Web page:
Radisson Suspends Vikings Sponsorship Richard Sherman Releases Line Of Sunglasses Big West Signs Five-Year Deal With Learfield Univ. Of Illinois Calls For Coors To Pull Billboards Adidas' Hainer Coming Under Pressure From Investors Nike-Under Armour Rivalry Growing Major Sponsors Sticking By NFL Pepsi Promo Offers Fans Free 49ers Tix Under Armour-Notre Dame Deal Benefits Both Marketplace Roundup
Upcoming Conferences and Events
SBD/June 16, 2011/Marketing and Sponsorship
Backstreet's Back: Four PGA Tour Golfers Channel Their Inner Boy Band For Video
Published June 16, 2011
BEHIND THE MUSIC: The four golfers appeared on Golf Channel Tuesday after the world premiere of the “Oh Oh Oh” video, with Crane wearing a Farmers Insurance cap. Crane has put out several humorous videos on YouTube this year and he said of putting the “band” together, “These guys came to me at one point or another and said ‘I’d love to be in a video,’ and all of a sudden it was like, the band is getting back together.” Golf Channel’s Rich Lerner jokingly said, “If you can get Vijay Singh to do a video, then you really are something special.” Crane said, “We’re looking at some guys maybe trying out for the band, maybe get a (Justin) Timberlake or a Justin Bieber.” Mahan: “They can try out. … There’s going to be a try out process.” Crane: “No guarantees!” Lerner asked Watson if he would rather win a Grammy or a U.S. Open, to which he replied, “Truthfully or you want me to do PC on this one? … I’d rather win a Grammy! I’ve won three trophies.” Lerner: “You know there are some old-timers who listen to Perry Como who are at home going, ‘That’s what’s wrong with American golf. These kids are too busy making videos.’” Crane later noted, “We just want to grow awareness for the game, want people to enjoy it. It’s the USGA, we’re growing awareness for the game. More people playing the game of golf. More people making boy band videos” (“Live from the U.S. Open,” Golf Channel, 6/14). Crane said of the reaction to the video, "It's been all positive. It's been fun" (N.Y. TIMES, 6/16).
IT'S GOOD TO SHOW SOME PERSONALITY: GOLFCHANNEL.com's Jason Sobel asked, "Remember when professional golfers were thought of as boring guys in khakis?" The video and song are a "giant leap toward creativity and marketing players' personality in a sport which desperately needs guys to stand out from the crowd." Sobel: "Let's hope this is only the beginning, with more players choosing to show a side of themselves we don't often witness inside the ropes" (GOLFCHANNEL.com, 6/15). In Oklahoma City, Jenni Carlson wrote under the header, "'The Golf Boys' Are Just What This Sport Needs." Golf needs to be "less buttoned down." Carlson: "It's a fun game. It's an exciting sport. ... You so rarely see that side of golf." What Crane, Fowler, Mahan and Watson have done "should be lauded by everyone in golf. It should be celebrated. It should be lauded. Most importantly, it should be repeated" (NEWSOK.com, 6/15). GOLF WORLD's Sam Weinman writes during Tiger Woods' latest absence, golf "needs personalities that fans gravitate toward for more than just their short games." Weinman: "Perhaps you could do without the sight of Watson in his overalls or Crane in a helmet and a unitard. But one thing's for sure: You're not going to forget it anytime soon, either" (GOLF WEEK DAILY, 6/16). In Jacksonville, Garry Smits: "Just to prove that PGA Tour players aren't a bunch of robotic clones and that golf isn't a stuffy, boring country club sport ... well, we're not sure what they're trying to prove" (JACKSONVILLE.com, 6/15).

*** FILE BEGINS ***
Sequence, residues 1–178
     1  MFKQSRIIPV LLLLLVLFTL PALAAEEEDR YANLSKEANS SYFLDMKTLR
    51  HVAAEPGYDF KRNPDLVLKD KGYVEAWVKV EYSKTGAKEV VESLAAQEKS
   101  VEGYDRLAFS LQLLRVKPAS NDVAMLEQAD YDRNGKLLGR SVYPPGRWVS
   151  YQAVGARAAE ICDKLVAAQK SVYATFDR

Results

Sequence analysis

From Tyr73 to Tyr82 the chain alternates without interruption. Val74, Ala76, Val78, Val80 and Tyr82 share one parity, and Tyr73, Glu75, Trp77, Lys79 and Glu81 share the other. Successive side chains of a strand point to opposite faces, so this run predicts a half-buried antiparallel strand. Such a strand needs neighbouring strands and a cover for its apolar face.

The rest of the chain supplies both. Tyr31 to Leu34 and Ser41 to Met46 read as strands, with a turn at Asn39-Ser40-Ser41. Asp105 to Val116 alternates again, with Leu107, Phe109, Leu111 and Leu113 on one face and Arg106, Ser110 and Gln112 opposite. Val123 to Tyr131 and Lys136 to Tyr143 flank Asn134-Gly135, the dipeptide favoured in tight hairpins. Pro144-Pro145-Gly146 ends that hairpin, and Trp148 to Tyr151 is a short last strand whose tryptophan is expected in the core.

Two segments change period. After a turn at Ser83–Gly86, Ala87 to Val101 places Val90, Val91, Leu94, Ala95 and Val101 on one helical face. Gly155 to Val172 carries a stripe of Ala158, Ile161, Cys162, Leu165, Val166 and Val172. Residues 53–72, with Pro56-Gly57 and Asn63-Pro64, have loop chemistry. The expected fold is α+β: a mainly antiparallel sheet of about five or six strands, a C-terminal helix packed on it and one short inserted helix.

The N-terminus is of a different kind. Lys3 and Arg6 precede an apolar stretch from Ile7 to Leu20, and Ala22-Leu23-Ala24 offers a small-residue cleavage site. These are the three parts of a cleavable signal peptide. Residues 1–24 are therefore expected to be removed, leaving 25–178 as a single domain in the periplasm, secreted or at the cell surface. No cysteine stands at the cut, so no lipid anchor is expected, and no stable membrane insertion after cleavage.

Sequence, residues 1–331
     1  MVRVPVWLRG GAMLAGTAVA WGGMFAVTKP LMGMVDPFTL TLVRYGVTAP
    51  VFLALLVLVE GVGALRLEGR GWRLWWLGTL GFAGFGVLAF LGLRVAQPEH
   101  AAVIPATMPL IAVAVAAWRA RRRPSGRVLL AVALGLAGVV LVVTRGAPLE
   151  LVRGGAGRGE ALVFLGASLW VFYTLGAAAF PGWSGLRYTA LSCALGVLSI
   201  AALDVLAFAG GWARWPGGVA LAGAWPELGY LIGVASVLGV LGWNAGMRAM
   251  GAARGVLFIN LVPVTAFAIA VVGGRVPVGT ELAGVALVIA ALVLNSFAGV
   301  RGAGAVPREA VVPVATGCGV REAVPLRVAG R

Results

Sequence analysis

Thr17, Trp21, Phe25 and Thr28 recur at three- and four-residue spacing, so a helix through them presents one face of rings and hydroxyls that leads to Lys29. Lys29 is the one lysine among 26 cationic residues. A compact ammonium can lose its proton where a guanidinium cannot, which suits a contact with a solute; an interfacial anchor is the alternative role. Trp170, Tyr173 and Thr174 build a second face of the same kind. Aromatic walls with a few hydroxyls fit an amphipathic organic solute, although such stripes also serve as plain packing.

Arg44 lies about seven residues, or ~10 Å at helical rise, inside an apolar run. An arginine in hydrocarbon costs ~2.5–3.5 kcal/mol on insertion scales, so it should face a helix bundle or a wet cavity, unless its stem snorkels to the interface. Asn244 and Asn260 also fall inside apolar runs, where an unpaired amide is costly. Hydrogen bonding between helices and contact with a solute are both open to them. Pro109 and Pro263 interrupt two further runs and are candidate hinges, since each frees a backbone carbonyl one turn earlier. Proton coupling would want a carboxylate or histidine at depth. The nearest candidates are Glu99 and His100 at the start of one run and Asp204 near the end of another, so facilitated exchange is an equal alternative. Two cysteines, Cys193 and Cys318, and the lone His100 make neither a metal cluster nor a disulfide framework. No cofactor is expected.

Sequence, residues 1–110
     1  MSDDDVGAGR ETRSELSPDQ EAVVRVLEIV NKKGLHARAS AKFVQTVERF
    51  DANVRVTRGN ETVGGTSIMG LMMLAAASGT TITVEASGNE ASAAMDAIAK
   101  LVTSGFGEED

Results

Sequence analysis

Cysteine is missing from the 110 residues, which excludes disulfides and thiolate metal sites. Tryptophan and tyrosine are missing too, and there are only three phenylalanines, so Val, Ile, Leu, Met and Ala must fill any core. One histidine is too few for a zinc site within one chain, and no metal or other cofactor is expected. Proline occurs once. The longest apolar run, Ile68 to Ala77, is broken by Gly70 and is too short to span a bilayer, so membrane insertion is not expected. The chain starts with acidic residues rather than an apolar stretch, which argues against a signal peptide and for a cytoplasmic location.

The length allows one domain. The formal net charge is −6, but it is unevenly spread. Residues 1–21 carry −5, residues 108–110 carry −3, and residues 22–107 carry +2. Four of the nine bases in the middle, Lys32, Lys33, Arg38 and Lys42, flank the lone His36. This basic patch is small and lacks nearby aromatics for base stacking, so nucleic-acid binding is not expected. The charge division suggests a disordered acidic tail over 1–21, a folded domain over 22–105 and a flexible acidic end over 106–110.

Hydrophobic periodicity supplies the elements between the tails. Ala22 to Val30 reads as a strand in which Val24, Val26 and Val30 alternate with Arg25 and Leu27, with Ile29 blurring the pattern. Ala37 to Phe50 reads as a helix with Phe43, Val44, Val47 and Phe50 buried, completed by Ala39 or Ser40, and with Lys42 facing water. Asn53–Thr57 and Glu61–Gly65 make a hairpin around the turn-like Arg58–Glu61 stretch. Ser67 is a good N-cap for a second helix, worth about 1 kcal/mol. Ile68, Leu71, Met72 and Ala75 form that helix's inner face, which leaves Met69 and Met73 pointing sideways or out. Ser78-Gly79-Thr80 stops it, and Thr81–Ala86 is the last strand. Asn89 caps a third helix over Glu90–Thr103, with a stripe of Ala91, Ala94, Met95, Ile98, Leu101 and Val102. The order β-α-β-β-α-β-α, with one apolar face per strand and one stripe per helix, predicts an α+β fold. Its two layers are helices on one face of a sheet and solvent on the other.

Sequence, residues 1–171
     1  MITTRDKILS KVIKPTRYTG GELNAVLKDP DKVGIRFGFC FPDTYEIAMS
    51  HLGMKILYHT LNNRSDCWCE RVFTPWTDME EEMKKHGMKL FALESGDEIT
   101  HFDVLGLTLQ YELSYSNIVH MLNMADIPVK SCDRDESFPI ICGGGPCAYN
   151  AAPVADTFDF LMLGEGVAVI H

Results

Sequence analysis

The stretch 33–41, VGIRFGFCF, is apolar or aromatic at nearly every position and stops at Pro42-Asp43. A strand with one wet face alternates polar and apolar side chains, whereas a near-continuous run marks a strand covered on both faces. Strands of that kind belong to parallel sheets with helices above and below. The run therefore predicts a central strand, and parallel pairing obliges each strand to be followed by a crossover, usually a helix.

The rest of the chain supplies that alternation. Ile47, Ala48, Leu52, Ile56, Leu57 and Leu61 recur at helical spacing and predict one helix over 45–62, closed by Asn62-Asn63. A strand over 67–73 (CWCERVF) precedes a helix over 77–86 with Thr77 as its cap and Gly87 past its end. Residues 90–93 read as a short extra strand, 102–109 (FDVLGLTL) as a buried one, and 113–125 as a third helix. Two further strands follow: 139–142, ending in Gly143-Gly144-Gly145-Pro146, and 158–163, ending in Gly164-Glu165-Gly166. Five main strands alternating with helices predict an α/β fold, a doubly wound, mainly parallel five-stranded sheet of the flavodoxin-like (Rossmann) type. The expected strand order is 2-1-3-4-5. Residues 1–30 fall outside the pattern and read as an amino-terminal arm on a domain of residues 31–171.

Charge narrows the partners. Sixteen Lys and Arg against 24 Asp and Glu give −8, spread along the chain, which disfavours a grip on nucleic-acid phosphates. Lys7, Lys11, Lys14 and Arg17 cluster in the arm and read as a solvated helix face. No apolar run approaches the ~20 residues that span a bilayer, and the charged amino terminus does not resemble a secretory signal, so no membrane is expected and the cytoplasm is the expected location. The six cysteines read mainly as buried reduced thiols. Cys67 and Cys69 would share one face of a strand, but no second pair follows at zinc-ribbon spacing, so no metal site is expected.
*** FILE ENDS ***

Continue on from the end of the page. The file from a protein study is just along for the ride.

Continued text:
NOT YOUR GRANDFATHER'S TOUR: In Augusta, John Boyette wrote golf writers "tend to complain that the current crop of golfers aren't forthcoming enough, or they lack personality, or they won't cooperate.” But the Golf Boys video shows “these guys in a different, if not disturbing (i.e. Bubba Watson in overalls), light.” It is “hard to imagine” Ben Hogan, Arnold Palmer, Jack Nicklaus, Tom Watson or Woods “doing anything like this.” But Boyette writes, “Times have changed” (AUGUSTA.com, 6/15). In Sydney, Mark Hayes wrote under the subhead: “It’s About As Far Removed From Golf’s Staid Traditions As You Could Imagine.” Hayes: “Four of the US PGA Tour's finest have done their best to break their sport's traditional image” (HERALDSUN.com.au, 6/15). In West Palm Beach, Matt Porter wrote there is "one thing we know: This isn't your grandfather's PGA Tour." Porter: "Could you imagine Arnold Palmer, Jack Nicklaus and Gary Player pulling off something like this?" (PALMBEACHPOST.com, 6/15). The AP's Jim Litke wrote, "It's not the kind of video you can imagine Jack Nicklaus or Arnold Palmer ever taking part in." If the USGA "had any problem with the video, they held their tongues during the organization's annual 'State of the Game' news conference." The PGA Tour, which is "in the business of merchandising their golfers," had the video posted on its home page (AP, 6/15). Comcast SportsNet’s Ivan Carter said, “You need some young talent having fun, bringing in a new generation of fans” (“Washington Post Live,” Comcast SportsNet Mid-Atlantic, 6/15). But ESPN's Michael Wilbon said there is a "zero percent chance" the video will help create new golf fans ("PTI," ESPN, 6/15).
FUNNY BUSINESS: ESPNW's Amanda Rykoff wrote the video "brings a winking eye and gives viewers a glimpse into the personality and sense of humor of guys who are typically all business on the golf course" (ESPNW.com, 6/15). In Louisville, Eric Crawford wrote under the header, "Who Says Golfers Aren’t Funny?" (COURIER-JOURNAL.com, 6/15). ESPN's Scott Van Pelt: "I thought it was hysterical, but then again I’m not a PGA Tour professional" ("SportsCenter at the U.S. Open," ESPN, 6/15).